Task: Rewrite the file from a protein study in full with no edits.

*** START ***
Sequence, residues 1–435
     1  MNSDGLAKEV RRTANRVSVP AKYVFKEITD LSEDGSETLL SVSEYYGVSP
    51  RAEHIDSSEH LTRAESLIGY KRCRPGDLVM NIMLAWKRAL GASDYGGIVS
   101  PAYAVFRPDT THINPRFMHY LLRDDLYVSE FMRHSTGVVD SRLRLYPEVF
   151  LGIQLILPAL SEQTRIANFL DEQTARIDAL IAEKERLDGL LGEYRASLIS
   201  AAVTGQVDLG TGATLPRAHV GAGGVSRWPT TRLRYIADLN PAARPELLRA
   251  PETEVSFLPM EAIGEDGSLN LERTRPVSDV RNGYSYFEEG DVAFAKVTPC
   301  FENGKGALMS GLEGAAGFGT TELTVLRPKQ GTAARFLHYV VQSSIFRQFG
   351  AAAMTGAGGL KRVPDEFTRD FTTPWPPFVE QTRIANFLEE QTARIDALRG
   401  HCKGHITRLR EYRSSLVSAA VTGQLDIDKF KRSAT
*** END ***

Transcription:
Sequence, residues 1–435
     1  MNSDGLAKEV RRTANRVSVP AKYVFKEITD LSEDGSETLL SVSEYYGVSP
    51  RAEHIDSSEH LTRAESLIGY KRCRPGDLVM NIMLAWKRAL GASDYGGIVS
   101  PAYAVFRPDT THINPRFMHY LLRDDLYVSE FMRHSTGVVD SRLRLYPEVF
   151  LGIQLILPAL SEQTRIANFL DEQTARIDAL IAEKERLDGL LGEYRASLIS
   201  AAVTGQVDLG TGATLPRAHV GAGGVSRWPT TRLRYIADLN PAARPELLRA
   251  PETEVSFLPM EAIGEDGSLN LERTRPVSDV RNGYSYFEEG DVAFAKVTPC
   301  FENGKGALMS GLEGAAGFGT TELTVLRPKQ GTAARFLHYV VQSSIFRQFG
   351  AAAMTGAGGL KRVPDEFTRD FTTPWPPFVE QTRIANFLEE QTARIDALRG
   401  HCKGHITRLR EYRSSLVSAA VTGQLDIDKF KRSAT